Symptoms of allergic rhinitis may develop within minutes or hours Reference after you breathe in an allergen Opens New Window Reference Opens New Window. The symptoms can last for days.
Symptoms that often start as soon as you breathe in an allergen include:
- Sneezing over and over again, especially after you wake up in the morning.
- A runny nose.
- A tickle in your throat or coughing caused by Reference postnasal drip Opens New Window.
- Watery, itchy eyes. This may be Reference allergic pinkeye.
- Itchy ears, nose, and throat.
Other symptoms that may take longer to appear include:
- A stuffy nose, possibly with sniffing. This is the most common symptom in children.
- Breathing through your mouth because your nose is blocked.
- Rubbing your nose. Children tend to do this.
- Eyes being sensitive to light.
- Feeling tired, grumpy, or moody.
- Not sleeping well.
- A long-lasting (chronic) cough.
- Pressure in your ear or having a hard time hearing.
- Discomfort or pain in your face.
- Dark circles or patches under your eyes (allergic shiners).
Reference Other problems with symptoms similar to allergic rhinitis include Reference upper respiratory infections (URIs) Opens New Window, nasal defects, and inflammation (Reference rhinitis Opens New Window) not caused by an allergen (nonallergic rhinitis).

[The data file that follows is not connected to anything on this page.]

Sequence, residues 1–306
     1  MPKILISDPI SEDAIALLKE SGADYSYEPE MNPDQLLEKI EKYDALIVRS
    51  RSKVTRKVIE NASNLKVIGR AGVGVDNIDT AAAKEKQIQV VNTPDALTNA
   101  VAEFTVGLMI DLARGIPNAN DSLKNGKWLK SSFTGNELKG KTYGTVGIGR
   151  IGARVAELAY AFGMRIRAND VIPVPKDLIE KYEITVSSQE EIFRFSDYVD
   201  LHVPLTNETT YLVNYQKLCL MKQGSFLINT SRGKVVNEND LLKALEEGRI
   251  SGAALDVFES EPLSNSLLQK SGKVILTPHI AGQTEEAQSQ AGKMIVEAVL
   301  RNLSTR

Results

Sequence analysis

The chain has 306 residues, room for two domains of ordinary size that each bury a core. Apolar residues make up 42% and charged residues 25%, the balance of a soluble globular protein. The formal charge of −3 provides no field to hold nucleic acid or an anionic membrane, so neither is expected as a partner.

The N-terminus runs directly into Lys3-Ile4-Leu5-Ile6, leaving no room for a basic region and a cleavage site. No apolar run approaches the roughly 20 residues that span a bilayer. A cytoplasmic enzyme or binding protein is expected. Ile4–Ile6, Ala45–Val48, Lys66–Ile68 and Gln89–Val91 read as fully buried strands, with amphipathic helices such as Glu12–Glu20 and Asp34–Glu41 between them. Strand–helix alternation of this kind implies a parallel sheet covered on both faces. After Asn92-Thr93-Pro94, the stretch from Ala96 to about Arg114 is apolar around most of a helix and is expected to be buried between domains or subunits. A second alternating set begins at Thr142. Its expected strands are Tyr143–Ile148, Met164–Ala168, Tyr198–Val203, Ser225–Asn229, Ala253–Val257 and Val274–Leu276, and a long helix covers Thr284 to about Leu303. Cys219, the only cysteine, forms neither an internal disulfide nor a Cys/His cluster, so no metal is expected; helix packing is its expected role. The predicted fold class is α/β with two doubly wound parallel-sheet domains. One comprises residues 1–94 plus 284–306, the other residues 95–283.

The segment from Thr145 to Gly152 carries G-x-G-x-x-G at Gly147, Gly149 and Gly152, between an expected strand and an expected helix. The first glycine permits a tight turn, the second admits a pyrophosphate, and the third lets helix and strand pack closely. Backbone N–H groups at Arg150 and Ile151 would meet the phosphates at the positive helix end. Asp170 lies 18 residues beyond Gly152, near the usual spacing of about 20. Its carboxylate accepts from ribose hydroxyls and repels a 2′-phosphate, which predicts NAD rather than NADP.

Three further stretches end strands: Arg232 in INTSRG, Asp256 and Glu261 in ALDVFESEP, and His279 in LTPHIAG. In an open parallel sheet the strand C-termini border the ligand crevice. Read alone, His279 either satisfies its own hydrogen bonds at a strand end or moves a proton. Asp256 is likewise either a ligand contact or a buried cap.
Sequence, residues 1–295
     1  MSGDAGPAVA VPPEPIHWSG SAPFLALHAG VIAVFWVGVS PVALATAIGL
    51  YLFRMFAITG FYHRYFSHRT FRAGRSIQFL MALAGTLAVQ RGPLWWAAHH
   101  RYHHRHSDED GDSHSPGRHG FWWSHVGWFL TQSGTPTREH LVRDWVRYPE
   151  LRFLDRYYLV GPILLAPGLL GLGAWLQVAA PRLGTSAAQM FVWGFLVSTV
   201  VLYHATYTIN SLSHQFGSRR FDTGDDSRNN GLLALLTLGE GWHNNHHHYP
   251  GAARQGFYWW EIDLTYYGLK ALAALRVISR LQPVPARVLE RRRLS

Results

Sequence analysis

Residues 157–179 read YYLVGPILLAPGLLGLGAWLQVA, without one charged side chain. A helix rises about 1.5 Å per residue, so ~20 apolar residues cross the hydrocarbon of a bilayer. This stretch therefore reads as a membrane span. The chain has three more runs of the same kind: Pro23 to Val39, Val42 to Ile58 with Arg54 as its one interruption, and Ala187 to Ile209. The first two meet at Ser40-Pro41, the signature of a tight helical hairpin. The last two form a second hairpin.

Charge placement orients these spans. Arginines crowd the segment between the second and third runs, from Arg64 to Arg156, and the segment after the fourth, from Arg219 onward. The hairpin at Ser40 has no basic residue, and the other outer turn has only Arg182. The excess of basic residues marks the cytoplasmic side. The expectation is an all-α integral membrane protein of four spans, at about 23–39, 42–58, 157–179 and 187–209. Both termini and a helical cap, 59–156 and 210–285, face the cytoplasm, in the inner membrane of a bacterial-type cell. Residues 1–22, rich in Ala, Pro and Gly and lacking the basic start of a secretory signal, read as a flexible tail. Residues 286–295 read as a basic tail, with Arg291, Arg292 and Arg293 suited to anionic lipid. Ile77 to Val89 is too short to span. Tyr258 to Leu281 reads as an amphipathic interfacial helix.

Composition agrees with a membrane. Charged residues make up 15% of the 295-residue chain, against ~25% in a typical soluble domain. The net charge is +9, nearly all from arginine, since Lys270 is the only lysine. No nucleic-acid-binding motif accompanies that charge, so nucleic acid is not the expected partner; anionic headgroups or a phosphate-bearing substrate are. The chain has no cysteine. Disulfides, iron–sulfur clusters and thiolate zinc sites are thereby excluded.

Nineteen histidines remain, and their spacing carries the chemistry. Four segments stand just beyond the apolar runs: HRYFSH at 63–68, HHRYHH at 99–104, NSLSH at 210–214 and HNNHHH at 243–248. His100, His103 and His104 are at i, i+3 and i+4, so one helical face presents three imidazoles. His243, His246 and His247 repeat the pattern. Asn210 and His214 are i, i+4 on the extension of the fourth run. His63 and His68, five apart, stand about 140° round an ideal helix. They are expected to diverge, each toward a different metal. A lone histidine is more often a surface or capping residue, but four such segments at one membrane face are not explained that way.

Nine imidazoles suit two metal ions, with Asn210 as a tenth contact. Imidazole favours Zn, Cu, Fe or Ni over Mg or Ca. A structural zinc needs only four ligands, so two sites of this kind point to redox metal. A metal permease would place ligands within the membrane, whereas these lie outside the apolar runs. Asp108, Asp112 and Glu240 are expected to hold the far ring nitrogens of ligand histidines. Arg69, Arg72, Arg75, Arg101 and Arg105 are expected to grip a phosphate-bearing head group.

When symptoms may change
Your symptoms may be better or worse at different times of the year or different times in your life. For example:
- If you are allergic to Reference dust mites Opens New Window, Reference animal dander Opens New Window, or indoor mold, your symptoms may be more severe in winter when you spend more time indoors.
- If you have a pollen allergy, your symptoms may vary based on what plants grow in your area and what season it is.
- If you get pregnant, your symptoms might get worse. Allergic rhinitis can then make asthma and Reference sinusitis Opens New Window worse.
As you grow older, allergens may affect you less.
|By:||Reference Healthwise Staff||Last Revised: Reference May 30, 2012|
|Medical Review:||Reference E. Gregory Thompson, MD - Internal Medicine
Reference Rohit K Katial, MD - Allergy and Immunology